I made a trip to the Jackson Hole area earlier this summer and was able to locate one of the biggest bull moose that I have seen in many years. Although he was still in his velvet coat, growing out his new antlers, by the time I return in September he will have shed the vascular velvet coating from his newly formed antlers and be in his fully crowned glory. I was very fortunate to have been able to scout out his habitat, which will make tracking and locating him easier this fall. I am looking forward to spending some quality time in the field studying him.

The National Museum of Wildlife Art in Jackson Hole, Wyoming, was founded to enrich international appreciation and knowledge of fine art. The museum has an internationally acclaimed collection of over 5,000 catalogued items and they strive to inspire public appreciation of fine art, wildlife, and humanity's relationship with nature with their collections, exhibitions, research, educational programs and publications. The museum’s stunning building overlooks the 25,000-acre National Elk Refuge and is en route to the Grand Tetons National Park and Yellowstone National Park. There is a seamless connection between the museum, its mission, wildlife subject matter and wilderness location. The Greater Yellowstone Region is one of the few remaining areas of the United States where native wildlife still roam abundantly and free.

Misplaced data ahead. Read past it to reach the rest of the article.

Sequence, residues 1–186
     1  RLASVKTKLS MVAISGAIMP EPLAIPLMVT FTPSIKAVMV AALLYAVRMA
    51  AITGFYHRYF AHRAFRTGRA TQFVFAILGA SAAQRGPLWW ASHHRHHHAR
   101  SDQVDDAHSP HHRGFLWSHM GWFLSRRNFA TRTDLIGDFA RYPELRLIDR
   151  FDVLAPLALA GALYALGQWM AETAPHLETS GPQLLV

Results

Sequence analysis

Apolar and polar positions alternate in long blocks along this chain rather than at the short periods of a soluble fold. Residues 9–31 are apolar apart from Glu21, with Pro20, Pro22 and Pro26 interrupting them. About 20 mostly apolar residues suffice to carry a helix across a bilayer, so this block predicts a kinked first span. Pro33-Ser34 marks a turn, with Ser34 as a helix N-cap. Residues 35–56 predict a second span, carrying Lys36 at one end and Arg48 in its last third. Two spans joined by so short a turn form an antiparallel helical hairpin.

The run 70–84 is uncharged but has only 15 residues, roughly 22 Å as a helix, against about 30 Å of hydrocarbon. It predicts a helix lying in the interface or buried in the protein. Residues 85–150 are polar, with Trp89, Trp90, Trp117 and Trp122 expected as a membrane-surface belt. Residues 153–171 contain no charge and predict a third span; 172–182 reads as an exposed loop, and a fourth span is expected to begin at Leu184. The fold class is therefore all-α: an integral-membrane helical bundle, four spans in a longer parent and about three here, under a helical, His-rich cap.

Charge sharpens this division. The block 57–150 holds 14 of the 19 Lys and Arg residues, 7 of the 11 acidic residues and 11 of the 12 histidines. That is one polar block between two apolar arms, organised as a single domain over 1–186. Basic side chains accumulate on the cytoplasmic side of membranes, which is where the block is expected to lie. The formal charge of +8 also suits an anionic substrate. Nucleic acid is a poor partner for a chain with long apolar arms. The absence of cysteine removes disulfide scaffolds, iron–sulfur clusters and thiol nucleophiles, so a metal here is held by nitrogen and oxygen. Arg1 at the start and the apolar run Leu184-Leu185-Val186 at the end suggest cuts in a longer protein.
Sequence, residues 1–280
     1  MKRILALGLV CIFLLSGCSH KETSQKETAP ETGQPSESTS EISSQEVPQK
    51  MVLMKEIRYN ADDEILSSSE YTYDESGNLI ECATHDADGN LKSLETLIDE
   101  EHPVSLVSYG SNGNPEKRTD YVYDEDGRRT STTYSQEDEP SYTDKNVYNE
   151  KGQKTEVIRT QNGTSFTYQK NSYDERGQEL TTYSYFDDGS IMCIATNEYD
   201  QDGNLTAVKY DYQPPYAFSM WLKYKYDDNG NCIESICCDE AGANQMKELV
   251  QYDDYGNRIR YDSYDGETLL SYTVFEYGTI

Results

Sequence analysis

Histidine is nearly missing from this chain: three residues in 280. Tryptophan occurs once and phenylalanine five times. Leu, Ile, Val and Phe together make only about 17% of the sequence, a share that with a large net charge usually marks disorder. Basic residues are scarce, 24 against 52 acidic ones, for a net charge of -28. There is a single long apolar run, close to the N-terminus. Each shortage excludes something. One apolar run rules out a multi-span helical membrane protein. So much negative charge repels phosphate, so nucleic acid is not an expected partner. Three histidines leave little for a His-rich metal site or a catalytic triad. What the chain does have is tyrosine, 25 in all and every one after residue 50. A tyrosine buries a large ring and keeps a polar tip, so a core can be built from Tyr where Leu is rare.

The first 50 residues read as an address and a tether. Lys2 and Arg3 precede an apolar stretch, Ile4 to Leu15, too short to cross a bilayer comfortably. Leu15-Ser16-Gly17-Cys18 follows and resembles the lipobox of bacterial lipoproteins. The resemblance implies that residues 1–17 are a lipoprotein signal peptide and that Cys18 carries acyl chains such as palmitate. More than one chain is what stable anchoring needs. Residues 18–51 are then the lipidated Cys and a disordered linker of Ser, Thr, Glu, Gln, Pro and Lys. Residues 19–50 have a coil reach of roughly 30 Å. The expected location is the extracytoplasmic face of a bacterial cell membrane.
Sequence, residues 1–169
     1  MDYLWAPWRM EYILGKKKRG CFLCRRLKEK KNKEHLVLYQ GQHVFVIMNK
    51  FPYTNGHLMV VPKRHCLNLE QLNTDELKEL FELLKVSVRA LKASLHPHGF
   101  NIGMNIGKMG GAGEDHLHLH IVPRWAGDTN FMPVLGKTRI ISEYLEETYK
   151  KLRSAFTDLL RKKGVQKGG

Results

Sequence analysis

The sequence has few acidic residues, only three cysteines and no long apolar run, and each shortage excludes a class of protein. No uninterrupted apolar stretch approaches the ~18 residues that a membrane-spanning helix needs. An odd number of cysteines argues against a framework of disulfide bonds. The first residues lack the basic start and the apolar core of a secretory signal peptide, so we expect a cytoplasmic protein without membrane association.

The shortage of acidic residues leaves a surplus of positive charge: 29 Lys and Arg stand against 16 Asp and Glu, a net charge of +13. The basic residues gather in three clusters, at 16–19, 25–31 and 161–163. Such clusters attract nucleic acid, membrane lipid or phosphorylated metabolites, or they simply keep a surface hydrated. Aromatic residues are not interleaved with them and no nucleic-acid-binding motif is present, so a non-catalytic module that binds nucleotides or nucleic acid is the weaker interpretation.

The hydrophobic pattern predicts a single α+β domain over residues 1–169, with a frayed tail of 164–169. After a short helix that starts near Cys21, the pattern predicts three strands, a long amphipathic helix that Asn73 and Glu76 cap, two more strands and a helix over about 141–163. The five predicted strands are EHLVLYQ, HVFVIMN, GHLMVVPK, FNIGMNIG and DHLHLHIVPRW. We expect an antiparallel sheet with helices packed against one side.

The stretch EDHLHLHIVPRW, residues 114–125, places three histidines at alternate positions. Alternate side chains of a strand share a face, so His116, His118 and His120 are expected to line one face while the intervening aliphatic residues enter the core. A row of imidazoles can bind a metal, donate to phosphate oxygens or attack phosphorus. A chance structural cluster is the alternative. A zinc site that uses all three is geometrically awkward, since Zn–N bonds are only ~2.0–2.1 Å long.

The National Museum of Wildlife Art is located at 2820 Rungius Road in Jackson Hole, Wyoming.For more information please contact the Museum at 800-313-9553, or visit their website at: http://www.wildlifeart.org.

If you have any questions, comments, or if you would like to know what artwork I will have in the exhibition, I’d love to hear from you.

Best regards,

 Timothy

 

The Journal of the American Institute for ConservationJuly 10, 2011

Greetings,

I have discovered that the wheels of the peer-reviewed publication process grind very slowly, but the necessary processes involved actually do produce excellent results.

I am very pleased to announce that the Journal of the American Institute for Conservation [JAIC] has published the manuscript, Natural black chalk in old master drawings, in their current issue. This manuscript was written by myself, along with my colleagues, Supapan Seraphin and Margo Ellis, both of the University of Arizona. I was particularly delighted when I discovered that an image from the manuscript was featured on the cover of the issue.

Natural black chalk was a highly valued drawing medium that was quarried from the earth and fashioned into a drawing tool for more than four centuries by European old master artists. It was widely used by artists such as da Vinci, Raphael, Michelangelo, Rembrandt and numerous others. However, the use of natural black chalk had been lost to the artistic community as its use stopped about two centuries ago. Thus, information had become scarce concerning its geology, chemical composition, methods of quarrying, how it was processed, and the traditional techniques by which it was used for drawing purposes. The research detailed in this manuscript fills in these knowledge gaps for this beautiful and historically important traditional drawing medium.